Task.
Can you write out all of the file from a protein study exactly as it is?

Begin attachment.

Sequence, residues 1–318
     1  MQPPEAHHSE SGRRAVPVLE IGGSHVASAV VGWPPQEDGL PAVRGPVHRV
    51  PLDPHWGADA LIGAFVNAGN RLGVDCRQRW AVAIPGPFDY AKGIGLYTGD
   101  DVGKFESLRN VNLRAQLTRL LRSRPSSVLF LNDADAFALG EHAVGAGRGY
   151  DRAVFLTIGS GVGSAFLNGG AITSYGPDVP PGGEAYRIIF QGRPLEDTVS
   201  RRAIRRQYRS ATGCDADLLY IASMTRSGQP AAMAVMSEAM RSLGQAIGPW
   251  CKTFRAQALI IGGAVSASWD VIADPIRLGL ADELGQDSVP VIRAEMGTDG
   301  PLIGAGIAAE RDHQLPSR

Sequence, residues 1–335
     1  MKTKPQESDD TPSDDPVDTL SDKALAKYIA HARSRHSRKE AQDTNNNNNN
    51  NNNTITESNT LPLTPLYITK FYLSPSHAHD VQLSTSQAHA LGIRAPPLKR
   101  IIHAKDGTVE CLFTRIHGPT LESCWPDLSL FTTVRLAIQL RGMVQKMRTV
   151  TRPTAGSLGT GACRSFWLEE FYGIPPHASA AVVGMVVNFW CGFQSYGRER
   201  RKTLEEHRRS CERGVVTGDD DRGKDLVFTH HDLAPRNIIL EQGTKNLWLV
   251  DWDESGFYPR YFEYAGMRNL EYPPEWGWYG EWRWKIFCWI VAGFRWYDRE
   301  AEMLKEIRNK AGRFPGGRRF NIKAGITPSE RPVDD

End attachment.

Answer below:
Sequence, residues 1–318
     1  MQPPEAHHSE SGRRAVPVLE IGGSHVASAV VGWPPQEDGL PAVRGPVHRV
    51  PLDPHWGADA LIGAFVNAGN RLGVDCRQRW AVAIPGPFDY AKGIGLYTGD
   101  DVGKFESLRN VNLRAQLTRL LRSRPSSVLF LNDADAFALG EHAVGAGRGY
   151  DRAVFLTIGS GVGSAFLNGG AITSYGPDVP PGGEAYRIIF QGRPLEDTVS
   201  RRAIRRQYRS ATGCDADLLY IASMTRSGQP AAMAVMSEAM RSLGQAIGPW
   251  CKTFRAQALI IGGAVSASWD VIADPIRLGL ADELGQDSVP VIRAEMGTDG
   301  PLIGAGIAAE RDHQLPSR

Sequence, residues 1–335
     1  MKTKPQESDD TPSDDPVDTL SDKALAKYIA HARSRHSRKE AQDTNNNNNN
    51  NNNTITESNT LPLTPLYITK FYLSPSHAHD VQLSTSQAHA LGIRAPPLKR
   101  IIHAKDGTVE CLFTRIHGPT LESCWPDLSL FTTVRLAIQL RGMVQKMRTV
   151  TRPTAGSLGT GACRSFWLEE FYGIPPHASA AVVGMVVNFW CGFQSYGRER
   201  RKTLEEHRRS CERGVVTGDD DRGKDLVFTH HDLAPRNIIL EQGTKNLWLV
   251  DWDESGFYPR YFEYAGMRNL EYPPEWGWYG EWRWKIFCWI VAGFRWYDRE
   301  AEMLKEIRNK AGRFPGGRRF NIKAGITPSE RPVDD